cubic point symmetry group. We establish that the EM orientation estimators result in significantly improved estimates of the mean direction in addition to providing an accurate estimate of concentration about the mean. Furthermore, with the extended mixture models, we are able to identify and cluster multi-modally distributed samples more accurately than the K-means algorithm.

The paper is organized as follows. Section II

describes group invariant random variables and gives the mixture representation for their densities. Section

III specializes to random variables invariant relative to actions of the spherical symmetry group and develops the -invariant VMF and Watson distributions along with EM-ML parameter estimator. The clustering methods based on the -invariant distributions along with the GLRT are elaborated in Section IV. The crystallography application and data simulation are presented in Section V and the experiment results are shown in Section VI. Section VII has concluding remarks.

Ii Group-invariant random variables

Consider a finite topological group of distinct actions on a topological space , and a binary operation ”*” defining the action composition , denoted . has the properties that composition of multiple actions is associative, for every action there exists an inverse action, and there exists an identity action [6]. A real valued function on is said to be invariant under if: for . Let be a random variable defined on . We have the following theorem for the probability density of .

Theorem II.1

The density function is invariant under if and only if

(1)

This theorem is a slight generalization of [1, Thm. 2.1] in that the density is not necessarily the same as . The proof is analogous to that of [1, Thm. 2.1].

Theorem II.1 says that any density that is invariant under group can be represented as a finite mixture of a function and its translates under the group’s actions . As pointed out in [1], Thm. II.1 has important implications on -invariant density estimation and parameter estimation. In particular it can be used to construct maximum likelihood estimators for parametric densities. Let be a density on that is parameterized by a parameter in a parameter space . We extend to a -invariant density by using Thm. II.1, obtaining:

(2)

where . This density is of the form of a finite mixture of densities of known parametric form where the mixture coefficients are all identical and equal to . Maximum likelihood (ML) estimation of the parameter from an i.i.d. sample from any -invariant density can now be performed using finite mixture model methods [7] such as the Expectation-Maximization (EM) algorithm [2]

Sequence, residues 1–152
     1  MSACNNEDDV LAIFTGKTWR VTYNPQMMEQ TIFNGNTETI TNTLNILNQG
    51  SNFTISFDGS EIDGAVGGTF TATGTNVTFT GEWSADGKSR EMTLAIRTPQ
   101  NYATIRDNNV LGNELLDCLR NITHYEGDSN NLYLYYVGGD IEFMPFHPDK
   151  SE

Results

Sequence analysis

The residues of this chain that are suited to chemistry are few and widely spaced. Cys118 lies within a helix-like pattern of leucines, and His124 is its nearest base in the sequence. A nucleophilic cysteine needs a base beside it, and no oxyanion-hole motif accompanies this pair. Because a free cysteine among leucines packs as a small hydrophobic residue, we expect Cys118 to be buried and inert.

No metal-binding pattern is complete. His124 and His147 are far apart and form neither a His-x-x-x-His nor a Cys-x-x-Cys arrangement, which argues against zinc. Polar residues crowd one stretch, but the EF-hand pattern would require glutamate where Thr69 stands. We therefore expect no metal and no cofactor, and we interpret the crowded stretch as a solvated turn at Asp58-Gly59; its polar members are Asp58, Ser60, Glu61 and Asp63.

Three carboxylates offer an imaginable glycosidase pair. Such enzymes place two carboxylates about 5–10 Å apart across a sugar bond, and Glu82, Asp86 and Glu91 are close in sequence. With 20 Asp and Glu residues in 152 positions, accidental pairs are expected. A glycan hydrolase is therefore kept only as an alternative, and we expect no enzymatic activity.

or the restricted Boltzman machine (RBM)

[3].

Iii ML within a Spherical Symmetry Group

As in [1] we specialize Thm. II.1 to estimation of parameters for the case that the probability density is on a sphere and is invariant to actions in a spherical symmetry group. In Section V this will be applied to a crystallography example under spherical distribution likelihood models for the mean crystal orientation. In general, the measured and mean orientations can be represented by Euler angles [8]

, Rodrigues Vectors 

[9], or Quaternions [10]. As in [1], we use the quaternion representation to enable orientations to be modeled by spherical distributions since the quaternion representation is a D vector on the -sphere , i.e. such that .

Any of the aforementioned orientation representations have inherent ambiguity due to crystal symmetries. For example, if the crystal has cubic symmetry, its orientation is only uniquely defined up to a 24-fold set of proper rotations of the cube about its symmetry axes. These actions form a point symmetry group, called , a sub-group of . In quaternion space, since each orientation corresponds to two quaternions with different sign , these rotations reflections, and inversions can be represented as a spherical symmetry group of quaternionic matrices , with sign symmetry such that , where for cubic symmetry.

Based on the symmetry group , we can define the distance between two quaternions under as:

(3)

Two quaternions are called symmetry-equivalent to each other if they are mapped to an equivalent orientation under , i.e. . A fundamental zone (FZ), also called the fundamental domain, is a conic solid subset of the sphere that can be specified to disambiguate any particular orientation . However, as will be seen in Sec. V, reduction of the entire data sample to a FZ destroys information necessary for maximum likelihood estimation: the entire -invariant density (2) must be used. In the following two subsections, we introduce two -invariant spherical distributions: von Mises-Fisher and Watson distributions [11] to model orientations in quaternion space.

Iii-a Hyperbolic -invariant von Mises-Fisher Distribution

First we review the -invariant von Mises-Fisher distribution presented in [1]. The von Mises-Fisher (VMF) distribution arises in directional statistics [11]

as an analogue of the multivariate Gaussian distribution on the

-dimensional sphere , where . The VMF distribution is parameterized by the mean direction and the concentration parameter :

(4)

where and is the modified Bessel function of the first kind of order . Given an i.i.d. sample from the VMF distribution, the ML estimator has the closed-form expressions [11]

(5)

where and .

Let be a group of symmetric actions acting on the quaternionic representation of orientation on the -dimensional sphere . We extend the VMF distribution (4) using the mixture representation in Thm II.1: